The seventy7 guide to connecting with consumers
Wherever you are on the business ladder - just starting up, growing, or already established - the people that make your business work will always be your consumers, new or old. If you don’t know how to interact with them, disaster can strike, and not only in these uncertain times. At seventy7, we have expert teams that help brands plan for the future, whatever it brings. We’ve got you.
For this guide, we’ve got four key takeaways for you to interact with consumers in the right way. We’ve pulled together the best practices of speaking to Gen X (and why you should want to speak to them), how to learn from the people disrupting the market, striking a balance between bringing in new customers without alienating your loyal ones, and how to stay relatable. Come with us, if you want to learn.
Once they find a brand they like, Gen X’ers say they’ll stick with it.
Currently aged between 39 and 59 years, ‘Gen X’ have more money to spend than the bigger demographics on either side of them, the Millennials and the Boomers according to a WGSN Report. Digitally savvy, they are redefining middle age and have considerable spending influence on their Gen Z children. With this multi-generational mindset, Gen X’ers assess their spending through the lens of how it will benefit the wider family dynamic.
In the UK, 41-45 year olds are set to be the highest absolute spenders of any age group, according to a 2019 Experian White Paper. A Forbes Report states that three in five Gen X consumers agree they’ll stick with a brand once they find one they like. They are open to outsourcing decision making to the brands that they trust. Gen X’ers have multi-generational influences, both up on the Boomers and down on the Millennials.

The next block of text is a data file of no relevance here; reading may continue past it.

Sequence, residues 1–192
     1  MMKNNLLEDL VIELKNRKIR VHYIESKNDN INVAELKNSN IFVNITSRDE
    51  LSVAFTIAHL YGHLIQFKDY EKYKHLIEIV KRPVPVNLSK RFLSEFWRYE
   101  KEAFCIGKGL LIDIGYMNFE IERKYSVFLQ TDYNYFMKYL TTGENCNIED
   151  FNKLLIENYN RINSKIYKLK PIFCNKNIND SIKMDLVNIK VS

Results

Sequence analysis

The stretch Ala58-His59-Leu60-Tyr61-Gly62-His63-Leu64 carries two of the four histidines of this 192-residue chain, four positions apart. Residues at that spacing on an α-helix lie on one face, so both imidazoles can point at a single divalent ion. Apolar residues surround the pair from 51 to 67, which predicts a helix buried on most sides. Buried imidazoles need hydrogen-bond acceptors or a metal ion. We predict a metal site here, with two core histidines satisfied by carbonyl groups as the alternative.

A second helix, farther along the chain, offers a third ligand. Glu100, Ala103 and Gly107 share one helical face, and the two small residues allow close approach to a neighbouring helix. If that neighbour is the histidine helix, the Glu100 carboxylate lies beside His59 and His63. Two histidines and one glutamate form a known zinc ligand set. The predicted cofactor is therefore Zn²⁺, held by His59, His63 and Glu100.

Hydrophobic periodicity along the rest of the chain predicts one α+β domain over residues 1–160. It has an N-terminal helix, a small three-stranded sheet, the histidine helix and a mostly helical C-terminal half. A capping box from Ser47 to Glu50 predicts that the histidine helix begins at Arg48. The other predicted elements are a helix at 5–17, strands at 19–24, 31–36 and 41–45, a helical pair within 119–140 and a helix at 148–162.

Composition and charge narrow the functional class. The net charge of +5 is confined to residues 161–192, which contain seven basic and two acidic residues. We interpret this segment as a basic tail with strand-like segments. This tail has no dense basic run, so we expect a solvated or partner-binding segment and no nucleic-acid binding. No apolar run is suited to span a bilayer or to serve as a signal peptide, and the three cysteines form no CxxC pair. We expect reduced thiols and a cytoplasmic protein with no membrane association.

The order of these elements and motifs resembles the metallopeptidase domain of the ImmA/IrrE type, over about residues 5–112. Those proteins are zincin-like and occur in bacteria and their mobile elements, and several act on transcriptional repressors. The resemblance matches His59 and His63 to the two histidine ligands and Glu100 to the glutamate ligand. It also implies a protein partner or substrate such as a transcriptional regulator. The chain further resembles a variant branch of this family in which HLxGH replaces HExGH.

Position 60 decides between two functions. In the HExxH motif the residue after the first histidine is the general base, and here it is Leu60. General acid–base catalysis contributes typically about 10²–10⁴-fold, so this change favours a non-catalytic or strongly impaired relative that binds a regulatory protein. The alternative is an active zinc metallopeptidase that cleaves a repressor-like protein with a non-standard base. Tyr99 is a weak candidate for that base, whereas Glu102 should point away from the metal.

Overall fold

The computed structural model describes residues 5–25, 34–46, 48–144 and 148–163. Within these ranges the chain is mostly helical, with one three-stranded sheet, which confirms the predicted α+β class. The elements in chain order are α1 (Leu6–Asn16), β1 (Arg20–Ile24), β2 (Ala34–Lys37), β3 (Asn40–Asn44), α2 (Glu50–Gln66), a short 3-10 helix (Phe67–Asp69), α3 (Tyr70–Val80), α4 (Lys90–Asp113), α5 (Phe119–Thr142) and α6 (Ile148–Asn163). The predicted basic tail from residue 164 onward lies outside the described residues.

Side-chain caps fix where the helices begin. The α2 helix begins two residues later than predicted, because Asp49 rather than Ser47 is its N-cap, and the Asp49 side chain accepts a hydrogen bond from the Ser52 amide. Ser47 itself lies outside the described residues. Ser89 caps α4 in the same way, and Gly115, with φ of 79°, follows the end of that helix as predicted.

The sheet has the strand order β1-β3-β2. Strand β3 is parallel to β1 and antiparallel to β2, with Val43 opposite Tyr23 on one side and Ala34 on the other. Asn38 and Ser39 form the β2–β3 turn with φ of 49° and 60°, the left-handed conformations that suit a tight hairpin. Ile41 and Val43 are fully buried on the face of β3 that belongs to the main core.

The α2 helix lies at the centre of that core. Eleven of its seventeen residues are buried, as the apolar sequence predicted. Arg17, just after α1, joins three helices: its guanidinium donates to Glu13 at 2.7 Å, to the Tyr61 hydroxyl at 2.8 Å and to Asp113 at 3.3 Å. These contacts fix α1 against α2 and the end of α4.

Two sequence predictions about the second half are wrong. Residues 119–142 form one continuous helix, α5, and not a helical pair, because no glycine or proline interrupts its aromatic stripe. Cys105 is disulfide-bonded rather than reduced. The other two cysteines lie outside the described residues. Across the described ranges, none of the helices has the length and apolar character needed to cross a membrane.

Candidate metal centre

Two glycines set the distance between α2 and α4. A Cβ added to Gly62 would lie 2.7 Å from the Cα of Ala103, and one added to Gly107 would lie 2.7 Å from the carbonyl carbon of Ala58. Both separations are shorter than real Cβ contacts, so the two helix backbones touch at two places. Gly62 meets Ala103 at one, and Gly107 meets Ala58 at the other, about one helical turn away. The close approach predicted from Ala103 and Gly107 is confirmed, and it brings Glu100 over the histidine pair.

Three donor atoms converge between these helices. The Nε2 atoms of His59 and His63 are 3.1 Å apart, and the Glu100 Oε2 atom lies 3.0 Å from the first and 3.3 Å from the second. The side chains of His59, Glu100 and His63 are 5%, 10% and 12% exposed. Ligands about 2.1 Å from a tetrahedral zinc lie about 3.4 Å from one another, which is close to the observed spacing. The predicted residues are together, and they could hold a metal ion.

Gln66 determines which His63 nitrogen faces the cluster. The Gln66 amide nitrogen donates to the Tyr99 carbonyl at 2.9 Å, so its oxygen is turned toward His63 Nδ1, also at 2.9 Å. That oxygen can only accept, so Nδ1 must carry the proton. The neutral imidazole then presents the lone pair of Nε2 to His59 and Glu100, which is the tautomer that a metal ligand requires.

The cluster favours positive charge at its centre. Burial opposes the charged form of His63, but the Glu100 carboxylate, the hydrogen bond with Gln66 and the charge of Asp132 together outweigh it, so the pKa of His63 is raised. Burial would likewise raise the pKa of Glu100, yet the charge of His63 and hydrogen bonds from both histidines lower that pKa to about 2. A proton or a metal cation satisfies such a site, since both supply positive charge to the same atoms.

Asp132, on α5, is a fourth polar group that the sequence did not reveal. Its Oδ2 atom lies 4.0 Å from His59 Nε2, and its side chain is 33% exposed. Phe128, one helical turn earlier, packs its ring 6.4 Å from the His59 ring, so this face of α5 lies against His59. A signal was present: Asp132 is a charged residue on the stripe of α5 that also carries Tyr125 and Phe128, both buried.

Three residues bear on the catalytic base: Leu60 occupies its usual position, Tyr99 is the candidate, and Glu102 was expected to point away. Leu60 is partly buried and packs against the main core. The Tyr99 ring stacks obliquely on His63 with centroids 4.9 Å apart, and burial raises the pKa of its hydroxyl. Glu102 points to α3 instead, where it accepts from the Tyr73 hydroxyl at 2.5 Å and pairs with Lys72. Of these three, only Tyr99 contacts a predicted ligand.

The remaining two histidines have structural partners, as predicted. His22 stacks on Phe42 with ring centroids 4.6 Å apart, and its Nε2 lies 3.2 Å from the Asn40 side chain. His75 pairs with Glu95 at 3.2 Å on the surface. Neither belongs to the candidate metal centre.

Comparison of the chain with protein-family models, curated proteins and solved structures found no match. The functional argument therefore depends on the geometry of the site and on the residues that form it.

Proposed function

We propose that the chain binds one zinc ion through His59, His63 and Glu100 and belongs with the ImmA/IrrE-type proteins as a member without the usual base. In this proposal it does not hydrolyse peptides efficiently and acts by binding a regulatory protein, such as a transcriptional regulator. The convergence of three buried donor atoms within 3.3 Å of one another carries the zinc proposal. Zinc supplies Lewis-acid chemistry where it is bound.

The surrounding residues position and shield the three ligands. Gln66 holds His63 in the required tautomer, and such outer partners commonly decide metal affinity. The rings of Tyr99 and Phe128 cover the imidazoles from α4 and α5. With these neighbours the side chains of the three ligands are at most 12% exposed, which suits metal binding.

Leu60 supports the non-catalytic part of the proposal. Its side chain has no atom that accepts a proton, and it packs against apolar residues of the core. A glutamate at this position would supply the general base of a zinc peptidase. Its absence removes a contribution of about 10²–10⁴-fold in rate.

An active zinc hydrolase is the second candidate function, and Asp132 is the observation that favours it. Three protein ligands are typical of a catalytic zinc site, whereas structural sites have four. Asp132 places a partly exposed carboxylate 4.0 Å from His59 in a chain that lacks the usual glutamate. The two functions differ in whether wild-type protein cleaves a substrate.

“Three in five gen x consumers agree they’ll stick with a brand once they find one they like”
As Gen X tech literacy grows, it’s shaping a new digital bond between them and Gen Z. According to a Global Web Index Report, 36% of Gen X parents say their children have a strong influence on purchase. Brands need to create products and services that add value across the extended family ecosystem.
Connecting with younger consumers means creating real and authentic images.
By creating ‘non-perfect’ images that look like they could have been shot by consumers themselves, brands are able to achieve a more relatable and trustworthy tone. More and more brands are tapping into this trend as one of the key marketing techniques used to engage and build trust with younger consumer groups. The visual brand conversation has to be shifted, images have to look like they’re not staged, and images have to be all about real and authentic people.